The Jubilee Year of Mercy is coming, and while it is still some months off, I find myself thinking about it quite a bit, actually. ‘Mercy’ has been the word of Pope Francis’ papacy. Sometimes misused, sometimes abused, it is nonetheless the word we are being asked to contemplate and consider by our Holy Father at this time.
Incidentally, it is sadly typical of our unreflective era that, because some in the Church have misused ‘mercy’ to mean cheap grace or moral relativism, others in the Church have reflexively rejected the word and recoil away from its use. This is the great unwisdom of our era, the endless swinging back and forth of mindless pendulums, the mechanical ricocheting between seemingly opposing positions. This kind of senseless automatism is unworthy of rational minds and grace-filled hearts.
Meanwhile, God’s mercy is indeed at the very heart of our Catholic faith. To correct a misuse of a word requires using it properly, don’t you think, not rejecting it out of hand? In the service of that, may I recommend my book Going Home: Reflecting on the Mercy of God With Catherine de Hueck Doherty? It is all about the parable of the prodigal son, and the depths of God’s mercy that it reveals to us, drawing amply on the insights of Catherine Doherty in service of that. It would be good reading in preparation for the year.
Here is a brief excerpt from the chapter “God’s Panhandlers”, which deals with our struggle to receive and live by the mercy of God:
The trouble with mercy, you know, is that it gets out of hand. I mean, we start by accepting that God is merciful to us. That’s a stretch, but most people can get there at least. Then we manage (barely) being merciful to those who we like or sympathize with, those whose situations are pitiable or who are obviously victims themselves of life’s tragedies.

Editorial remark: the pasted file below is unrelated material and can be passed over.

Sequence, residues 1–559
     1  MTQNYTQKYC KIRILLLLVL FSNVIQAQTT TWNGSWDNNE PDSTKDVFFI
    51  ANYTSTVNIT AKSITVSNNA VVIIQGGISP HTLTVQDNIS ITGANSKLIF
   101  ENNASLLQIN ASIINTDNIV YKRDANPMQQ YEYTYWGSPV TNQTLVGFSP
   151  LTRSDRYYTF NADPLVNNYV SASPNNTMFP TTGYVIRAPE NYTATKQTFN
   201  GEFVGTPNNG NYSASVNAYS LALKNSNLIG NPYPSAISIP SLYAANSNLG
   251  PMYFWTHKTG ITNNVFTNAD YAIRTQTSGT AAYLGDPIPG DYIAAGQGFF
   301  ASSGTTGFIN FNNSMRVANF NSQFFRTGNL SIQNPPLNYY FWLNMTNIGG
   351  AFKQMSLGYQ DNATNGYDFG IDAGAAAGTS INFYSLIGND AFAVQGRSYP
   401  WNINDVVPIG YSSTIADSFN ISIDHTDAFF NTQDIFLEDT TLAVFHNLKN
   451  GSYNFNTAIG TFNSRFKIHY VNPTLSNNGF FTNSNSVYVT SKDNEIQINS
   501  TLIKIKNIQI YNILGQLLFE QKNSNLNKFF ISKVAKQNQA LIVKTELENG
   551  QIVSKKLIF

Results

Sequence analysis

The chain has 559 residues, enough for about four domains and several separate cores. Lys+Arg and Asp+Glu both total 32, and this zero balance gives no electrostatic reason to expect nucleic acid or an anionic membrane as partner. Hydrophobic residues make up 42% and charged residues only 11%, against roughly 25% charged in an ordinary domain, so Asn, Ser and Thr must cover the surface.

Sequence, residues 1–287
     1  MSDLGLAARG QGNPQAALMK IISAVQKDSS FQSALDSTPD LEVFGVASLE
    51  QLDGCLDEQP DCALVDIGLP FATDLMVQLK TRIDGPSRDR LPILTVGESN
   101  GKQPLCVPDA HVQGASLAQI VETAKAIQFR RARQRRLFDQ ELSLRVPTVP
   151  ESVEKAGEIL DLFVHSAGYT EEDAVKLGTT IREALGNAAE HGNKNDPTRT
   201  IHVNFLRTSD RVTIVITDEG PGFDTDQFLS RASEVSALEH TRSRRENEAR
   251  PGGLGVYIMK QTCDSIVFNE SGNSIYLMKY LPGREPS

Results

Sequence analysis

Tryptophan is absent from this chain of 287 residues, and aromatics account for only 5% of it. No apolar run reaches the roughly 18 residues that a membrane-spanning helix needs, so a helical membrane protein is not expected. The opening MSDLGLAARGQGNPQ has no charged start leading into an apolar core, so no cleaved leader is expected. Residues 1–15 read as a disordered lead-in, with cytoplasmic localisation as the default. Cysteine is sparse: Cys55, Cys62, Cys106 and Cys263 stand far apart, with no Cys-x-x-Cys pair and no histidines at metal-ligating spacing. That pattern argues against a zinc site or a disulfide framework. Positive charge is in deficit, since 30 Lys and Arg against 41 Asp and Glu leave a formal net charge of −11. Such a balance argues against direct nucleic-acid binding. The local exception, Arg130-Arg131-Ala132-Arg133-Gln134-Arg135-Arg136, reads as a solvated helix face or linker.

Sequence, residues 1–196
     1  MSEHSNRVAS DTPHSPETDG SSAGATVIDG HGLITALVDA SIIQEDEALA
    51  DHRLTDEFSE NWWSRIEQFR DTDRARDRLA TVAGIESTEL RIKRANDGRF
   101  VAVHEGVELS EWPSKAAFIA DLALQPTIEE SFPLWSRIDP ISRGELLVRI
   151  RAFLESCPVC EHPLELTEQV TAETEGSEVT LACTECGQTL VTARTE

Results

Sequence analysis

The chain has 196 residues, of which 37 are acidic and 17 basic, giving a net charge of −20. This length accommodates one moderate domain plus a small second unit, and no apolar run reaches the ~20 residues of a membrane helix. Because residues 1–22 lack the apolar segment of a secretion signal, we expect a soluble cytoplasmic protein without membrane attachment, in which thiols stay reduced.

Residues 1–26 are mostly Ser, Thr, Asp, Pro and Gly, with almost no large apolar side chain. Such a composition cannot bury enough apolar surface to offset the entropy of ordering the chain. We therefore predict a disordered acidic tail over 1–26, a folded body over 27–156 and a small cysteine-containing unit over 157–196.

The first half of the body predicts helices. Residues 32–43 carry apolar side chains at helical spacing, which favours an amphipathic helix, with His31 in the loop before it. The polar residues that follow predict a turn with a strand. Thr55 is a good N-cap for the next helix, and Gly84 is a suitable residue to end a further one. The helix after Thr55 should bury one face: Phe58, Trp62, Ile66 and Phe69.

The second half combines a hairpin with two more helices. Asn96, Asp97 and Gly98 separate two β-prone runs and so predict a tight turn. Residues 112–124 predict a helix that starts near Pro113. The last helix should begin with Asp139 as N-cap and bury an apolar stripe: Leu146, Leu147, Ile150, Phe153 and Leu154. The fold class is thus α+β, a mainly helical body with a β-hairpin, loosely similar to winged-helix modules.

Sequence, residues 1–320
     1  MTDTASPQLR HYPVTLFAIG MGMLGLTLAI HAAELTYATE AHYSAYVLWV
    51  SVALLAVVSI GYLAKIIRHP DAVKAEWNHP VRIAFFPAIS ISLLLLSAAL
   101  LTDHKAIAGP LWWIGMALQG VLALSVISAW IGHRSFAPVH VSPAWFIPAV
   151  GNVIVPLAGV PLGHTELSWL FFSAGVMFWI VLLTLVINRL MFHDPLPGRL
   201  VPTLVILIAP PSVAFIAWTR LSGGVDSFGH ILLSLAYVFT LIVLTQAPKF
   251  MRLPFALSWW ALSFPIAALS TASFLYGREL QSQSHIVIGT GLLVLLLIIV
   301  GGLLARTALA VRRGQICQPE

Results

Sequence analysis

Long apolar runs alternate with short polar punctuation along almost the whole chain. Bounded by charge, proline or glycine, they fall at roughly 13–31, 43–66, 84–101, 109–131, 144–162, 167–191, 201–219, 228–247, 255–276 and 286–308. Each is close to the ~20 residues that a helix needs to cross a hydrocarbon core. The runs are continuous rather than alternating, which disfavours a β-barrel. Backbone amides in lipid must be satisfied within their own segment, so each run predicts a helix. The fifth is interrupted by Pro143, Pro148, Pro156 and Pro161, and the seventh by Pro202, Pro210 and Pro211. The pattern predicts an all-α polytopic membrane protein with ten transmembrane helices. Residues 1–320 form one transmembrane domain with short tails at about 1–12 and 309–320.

But God asks more of us. Mercy grows, or it dies. Mercy expands, or contracts. To be merciful to the one we don’t like, to the ones whose situations inspire no pity at all in us. To be merciful to the evil-doers, the perpetrators, the blackest villains, whoever we may consider them to be. To be merciful to the ones who have no mercy themselves. To be merciful towards the ones who hate us or hurt us and don’t seem to care, much, what harm they do. To be merciful in the face of horrific injustice and oppression and wickedness, to everyone involved.
No, we cry! We want justice, not mercy. We want revenge, payback, we want to see them suffer—whoever ‘they’ are. In the tumultuous year of 1968, Catherine was deeply stirred by the protests and violence around the Democratic National Convention in Chicago and what she and many at the time saw as the brutal response of the city authorities [whether or not you agree with her assessment of that event, her point remains, and is a deep one]:
And then there is the terrible word, mercy. Did you ever stop to think what price mercy? Justice and mercy. Put them together. All of you cries out for justice, so that justice may be made to take place. But is there somebody who is merciful to Mayor Daley, to the police of Chicago? And yet the terrible words, “Blessed are the merciful, for they shall find mercy.”
Justice tempered with mercy is Christian. But it just tears your guts apart and throws our intestines out on the floor because it is awfully difficult to be merciful. To the whites when you’re black or Indian. To the Mayor Daleys and the police brutality. To Hitler and Stalin. In our Mandate it says identify with the poor, identify with Me [Christ], which poor may be Stalin or Daley. They’re the acme of poverty. In the slums they are richer than them. 
Oh, how we resist this, we in the hyper-polarized world of the 21st century. We who align into camps so readily, who spew hatred and venom at our opponents so freely, we who have raised factionalism and partisan division virtually to the level of neo-tribalism. We who are so quick to deride, despise, hate those who we disagree with.
Mercy calls us to cleanse our hearts from hatred, to allow God to remove from us anything that prevents us from loving anyone. Receiving and living by the mercy of God calls us to a totality of forgiveness, a surrender of all anger and violence that is nothing short of crucifying. No wonder we resist it, instinctively. We know we will have to lay down everything, every grievance, every hurt we hug to ourselves, even to the most mortal wounds we have borne.
Here too, in this very struggle, this very hesitation, mercy meets us. Here too we are God’s panhandlers, begging for the coin of his grace to help us. Here too, the Father comes out to us, when we are filled with rage and bitterness, when we are quaking with fear, when we are paralyzed with indecision, when we cannot quite go in. With infinite gentleness, with boundless tenderness, He looks upon us and says, “My son (or daughter), do you not know that everything I have is yours? Give me your sickness and sorrow. Give me your hatred, your fear, your bitterness of spirit. I will give blessing.”
“Enter into my joy.”